We first reviewed an AMD Kaveri processor back at the start of the year, but since then, AMD’s new APU has been in kind of a weird place. The A8-7600 chip we reviewed has been scarce in retail channels, evidently because AMD succeeded in selling them elsewhere—likely to big PC manufacturers. Some of the chips were surely set aside for use in laptops, too. As a result, PC hobbyists just haven’t had very good access to AMD’s latest APU.
Happily, that situation is finally changing, and Kaveri-based chips are starting to make their way into the market. AMD is putting an exclamation point on that fact today by filling out its APU lineup and making some tweaks to its pricing. The headliner of the bunch is a brand-new model, the A10-7800, that may just be the most desirable Kaveri-based desktop processor yet.
Here’s a look at AMD’s updated lineup:
The brand-spanking-new A10-7800 nearly matches the top-of-the-line A10-7850K in terms of clock speeds and unit counts, but it does so in a much smaller 65W power envelope. And it costs less than the 7850K. Given everything, I’d say the A10-7800 is the Kaveri chip to get, as long as you don’t plan on overclocking your processor. (Only the K-series parts have unlocked multipliers.)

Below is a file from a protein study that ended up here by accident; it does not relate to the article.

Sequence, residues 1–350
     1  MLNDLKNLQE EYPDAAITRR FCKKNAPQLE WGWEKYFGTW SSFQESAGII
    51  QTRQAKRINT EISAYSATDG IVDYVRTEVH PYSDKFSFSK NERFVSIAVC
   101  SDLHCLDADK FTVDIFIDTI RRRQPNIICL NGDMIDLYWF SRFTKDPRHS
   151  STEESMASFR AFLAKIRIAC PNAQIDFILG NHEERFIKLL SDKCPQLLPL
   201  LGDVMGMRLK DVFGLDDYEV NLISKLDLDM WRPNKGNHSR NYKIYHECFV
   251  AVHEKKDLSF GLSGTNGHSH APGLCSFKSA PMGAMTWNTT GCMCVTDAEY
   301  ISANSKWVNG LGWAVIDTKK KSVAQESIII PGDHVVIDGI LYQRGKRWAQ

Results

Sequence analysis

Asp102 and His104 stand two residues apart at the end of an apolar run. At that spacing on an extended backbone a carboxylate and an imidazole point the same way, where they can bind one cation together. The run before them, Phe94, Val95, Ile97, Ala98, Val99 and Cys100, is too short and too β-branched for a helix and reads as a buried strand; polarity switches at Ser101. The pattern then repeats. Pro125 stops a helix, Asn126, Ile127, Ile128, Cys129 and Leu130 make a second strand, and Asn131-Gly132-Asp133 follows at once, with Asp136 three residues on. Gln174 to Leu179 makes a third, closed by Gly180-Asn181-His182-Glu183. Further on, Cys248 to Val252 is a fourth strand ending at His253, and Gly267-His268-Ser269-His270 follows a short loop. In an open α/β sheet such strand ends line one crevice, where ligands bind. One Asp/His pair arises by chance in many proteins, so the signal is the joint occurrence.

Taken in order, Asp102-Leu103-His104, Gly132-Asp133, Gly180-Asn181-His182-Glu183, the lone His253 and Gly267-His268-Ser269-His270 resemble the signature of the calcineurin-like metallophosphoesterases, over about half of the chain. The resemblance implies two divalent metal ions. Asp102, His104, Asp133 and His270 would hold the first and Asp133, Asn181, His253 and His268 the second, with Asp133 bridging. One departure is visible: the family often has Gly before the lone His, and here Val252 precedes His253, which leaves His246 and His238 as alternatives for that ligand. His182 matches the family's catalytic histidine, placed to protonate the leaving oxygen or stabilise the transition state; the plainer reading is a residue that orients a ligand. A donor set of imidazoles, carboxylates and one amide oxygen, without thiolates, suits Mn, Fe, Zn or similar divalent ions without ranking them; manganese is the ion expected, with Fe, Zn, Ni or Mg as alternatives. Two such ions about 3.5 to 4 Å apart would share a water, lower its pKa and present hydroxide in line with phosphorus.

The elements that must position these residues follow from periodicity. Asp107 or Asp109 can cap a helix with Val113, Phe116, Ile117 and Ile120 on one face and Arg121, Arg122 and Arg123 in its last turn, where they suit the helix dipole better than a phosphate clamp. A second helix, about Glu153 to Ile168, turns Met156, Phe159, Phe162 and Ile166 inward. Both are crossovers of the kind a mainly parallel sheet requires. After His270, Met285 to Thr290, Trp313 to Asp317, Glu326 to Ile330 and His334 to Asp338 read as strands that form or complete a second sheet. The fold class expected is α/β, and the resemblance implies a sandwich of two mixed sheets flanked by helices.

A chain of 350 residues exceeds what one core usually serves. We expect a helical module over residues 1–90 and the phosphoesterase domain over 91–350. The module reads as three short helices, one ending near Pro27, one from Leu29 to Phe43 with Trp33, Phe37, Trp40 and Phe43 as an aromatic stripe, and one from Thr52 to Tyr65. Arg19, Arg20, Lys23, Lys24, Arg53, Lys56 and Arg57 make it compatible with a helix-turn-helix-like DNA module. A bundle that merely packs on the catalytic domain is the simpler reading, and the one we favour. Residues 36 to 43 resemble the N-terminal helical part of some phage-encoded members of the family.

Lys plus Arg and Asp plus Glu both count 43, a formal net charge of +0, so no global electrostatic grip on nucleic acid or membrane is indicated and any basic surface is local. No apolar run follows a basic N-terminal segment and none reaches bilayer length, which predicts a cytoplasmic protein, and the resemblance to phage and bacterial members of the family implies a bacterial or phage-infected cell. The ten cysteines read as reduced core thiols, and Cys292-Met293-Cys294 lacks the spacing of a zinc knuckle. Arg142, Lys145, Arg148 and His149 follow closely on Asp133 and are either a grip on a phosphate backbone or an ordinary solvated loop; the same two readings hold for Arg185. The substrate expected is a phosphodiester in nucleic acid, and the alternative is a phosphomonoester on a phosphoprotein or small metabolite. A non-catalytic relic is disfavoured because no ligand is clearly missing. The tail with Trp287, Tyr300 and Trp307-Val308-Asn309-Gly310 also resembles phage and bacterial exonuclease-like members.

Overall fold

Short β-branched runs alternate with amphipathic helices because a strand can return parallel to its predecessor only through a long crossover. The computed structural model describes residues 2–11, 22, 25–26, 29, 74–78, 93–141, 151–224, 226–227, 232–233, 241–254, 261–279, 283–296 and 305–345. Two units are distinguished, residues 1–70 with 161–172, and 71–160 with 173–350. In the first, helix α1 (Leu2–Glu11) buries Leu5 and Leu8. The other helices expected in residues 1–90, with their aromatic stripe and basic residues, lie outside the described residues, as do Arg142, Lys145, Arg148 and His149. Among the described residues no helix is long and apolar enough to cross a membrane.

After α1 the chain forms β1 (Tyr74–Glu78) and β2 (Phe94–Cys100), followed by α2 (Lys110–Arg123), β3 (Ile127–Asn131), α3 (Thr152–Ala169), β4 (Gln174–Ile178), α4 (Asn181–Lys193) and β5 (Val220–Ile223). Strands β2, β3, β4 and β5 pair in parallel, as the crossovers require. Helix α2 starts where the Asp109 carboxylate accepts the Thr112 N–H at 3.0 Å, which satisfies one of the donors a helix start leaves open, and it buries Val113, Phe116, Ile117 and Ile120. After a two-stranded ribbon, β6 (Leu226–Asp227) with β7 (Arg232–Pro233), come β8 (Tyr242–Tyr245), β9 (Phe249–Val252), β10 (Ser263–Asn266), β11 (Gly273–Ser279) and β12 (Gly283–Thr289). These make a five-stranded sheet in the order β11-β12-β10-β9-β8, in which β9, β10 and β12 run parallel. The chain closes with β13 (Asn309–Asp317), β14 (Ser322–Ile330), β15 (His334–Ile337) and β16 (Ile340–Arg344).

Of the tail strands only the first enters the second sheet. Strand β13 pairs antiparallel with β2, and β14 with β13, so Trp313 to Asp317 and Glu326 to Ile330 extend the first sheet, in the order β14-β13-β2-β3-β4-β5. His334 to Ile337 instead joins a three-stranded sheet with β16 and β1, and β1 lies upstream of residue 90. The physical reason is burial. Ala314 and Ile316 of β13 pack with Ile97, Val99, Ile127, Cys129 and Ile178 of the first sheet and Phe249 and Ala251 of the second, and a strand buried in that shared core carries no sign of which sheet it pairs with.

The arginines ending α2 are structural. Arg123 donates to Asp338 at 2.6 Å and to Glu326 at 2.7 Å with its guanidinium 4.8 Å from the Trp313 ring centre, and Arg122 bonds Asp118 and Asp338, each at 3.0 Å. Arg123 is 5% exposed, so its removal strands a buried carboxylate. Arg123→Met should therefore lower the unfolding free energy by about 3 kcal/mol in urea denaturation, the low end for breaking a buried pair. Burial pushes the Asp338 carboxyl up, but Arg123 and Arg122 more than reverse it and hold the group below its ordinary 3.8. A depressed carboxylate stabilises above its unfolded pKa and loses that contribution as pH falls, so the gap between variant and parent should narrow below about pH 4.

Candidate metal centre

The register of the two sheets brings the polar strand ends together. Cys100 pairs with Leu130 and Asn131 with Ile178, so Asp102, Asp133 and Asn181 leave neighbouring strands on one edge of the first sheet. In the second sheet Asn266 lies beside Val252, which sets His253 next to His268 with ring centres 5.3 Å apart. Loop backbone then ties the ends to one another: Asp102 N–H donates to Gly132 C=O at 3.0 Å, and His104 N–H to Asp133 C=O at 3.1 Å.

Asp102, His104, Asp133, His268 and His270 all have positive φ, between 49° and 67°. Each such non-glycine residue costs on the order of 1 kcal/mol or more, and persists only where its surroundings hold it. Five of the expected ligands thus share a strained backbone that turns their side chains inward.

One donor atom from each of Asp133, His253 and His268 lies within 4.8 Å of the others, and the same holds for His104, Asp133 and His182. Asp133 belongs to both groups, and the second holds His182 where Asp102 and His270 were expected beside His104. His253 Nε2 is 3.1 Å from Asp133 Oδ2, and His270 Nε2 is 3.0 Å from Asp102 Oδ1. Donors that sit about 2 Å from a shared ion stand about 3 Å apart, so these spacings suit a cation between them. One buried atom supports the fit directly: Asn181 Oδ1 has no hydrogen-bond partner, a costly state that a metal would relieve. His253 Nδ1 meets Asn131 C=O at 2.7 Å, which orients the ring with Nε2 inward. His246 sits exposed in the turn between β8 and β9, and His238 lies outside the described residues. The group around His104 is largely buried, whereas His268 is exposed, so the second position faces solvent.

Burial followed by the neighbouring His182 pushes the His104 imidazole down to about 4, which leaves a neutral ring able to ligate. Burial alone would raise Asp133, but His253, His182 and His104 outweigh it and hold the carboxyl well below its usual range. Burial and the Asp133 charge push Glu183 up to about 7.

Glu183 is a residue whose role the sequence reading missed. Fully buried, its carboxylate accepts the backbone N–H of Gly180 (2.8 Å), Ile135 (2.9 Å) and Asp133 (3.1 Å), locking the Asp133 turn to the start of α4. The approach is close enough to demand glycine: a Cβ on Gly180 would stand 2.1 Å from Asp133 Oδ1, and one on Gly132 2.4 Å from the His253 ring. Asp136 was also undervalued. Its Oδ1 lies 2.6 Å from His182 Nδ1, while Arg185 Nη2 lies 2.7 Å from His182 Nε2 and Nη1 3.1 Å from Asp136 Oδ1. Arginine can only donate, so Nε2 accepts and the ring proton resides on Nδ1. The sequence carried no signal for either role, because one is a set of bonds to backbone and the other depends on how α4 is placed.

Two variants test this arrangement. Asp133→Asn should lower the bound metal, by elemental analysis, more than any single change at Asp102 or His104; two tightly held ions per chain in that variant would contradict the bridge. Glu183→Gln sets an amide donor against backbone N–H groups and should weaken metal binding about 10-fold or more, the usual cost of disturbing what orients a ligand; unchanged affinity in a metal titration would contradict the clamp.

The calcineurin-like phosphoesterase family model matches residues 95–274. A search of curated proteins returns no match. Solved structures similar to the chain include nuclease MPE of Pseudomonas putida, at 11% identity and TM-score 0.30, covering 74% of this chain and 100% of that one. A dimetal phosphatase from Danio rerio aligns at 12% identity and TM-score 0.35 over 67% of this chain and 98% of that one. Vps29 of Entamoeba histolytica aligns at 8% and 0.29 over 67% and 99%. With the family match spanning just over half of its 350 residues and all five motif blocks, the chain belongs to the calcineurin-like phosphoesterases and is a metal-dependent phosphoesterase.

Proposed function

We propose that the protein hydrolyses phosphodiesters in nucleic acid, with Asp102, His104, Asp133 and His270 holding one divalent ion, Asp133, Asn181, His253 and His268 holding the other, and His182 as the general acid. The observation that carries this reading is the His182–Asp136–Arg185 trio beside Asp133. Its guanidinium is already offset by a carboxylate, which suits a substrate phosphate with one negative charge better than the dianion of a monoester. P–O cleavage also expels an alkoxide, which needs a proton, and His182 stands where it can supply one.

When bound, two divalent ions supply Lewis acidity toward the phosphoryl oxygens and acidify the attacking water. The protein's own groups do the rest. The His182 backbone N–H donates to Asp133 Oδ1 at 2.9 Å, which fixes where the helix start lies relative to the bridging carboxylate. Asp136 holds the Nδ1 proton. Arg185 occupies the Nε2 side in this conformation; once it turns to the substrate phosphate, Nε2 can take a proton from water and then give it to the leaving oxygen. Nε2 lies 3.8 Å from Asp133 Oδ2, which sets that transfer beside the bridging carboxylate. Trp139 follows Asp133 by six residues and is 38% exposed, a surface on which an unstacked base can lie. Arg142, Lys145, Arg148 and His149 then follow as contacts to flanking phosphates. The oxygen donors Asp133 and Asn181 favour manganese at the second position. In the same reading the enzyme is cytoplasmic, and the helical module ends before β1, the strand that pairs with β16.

Also new today are official retail editions of the A8-7600 and A6-7400K. The A8-7600 is the same basic product we reviewed in January, while the A6-7400K is an unlocked K-series part. At $77, the 7400K matches up against the unlocked Pentium G3258, but going directly against an overclocking titan like that one would probably be suicidal. The 7400K is better suited to providing an attractive CPU-IGP combo for truly low-end systems.
At $155, the A10-7800 is priced in a gap between Intel’s Core i3 and i5 desktop parts. That’s a clever tactical move by AMD. The company’s marketing materials clearly position the A10 against the Core i5, so the firm is looking to be the lower-cost alternative. As we’ll see, though, the A10-7800 will have to deal with some of the top Core i3 offerings in order to stake that claim.
Meanwhile, the new Kaveri-based APUs face some unusally formidable competition from a familar source: past generations of AMD APUs, specifically those based on 32-nm Richland chips.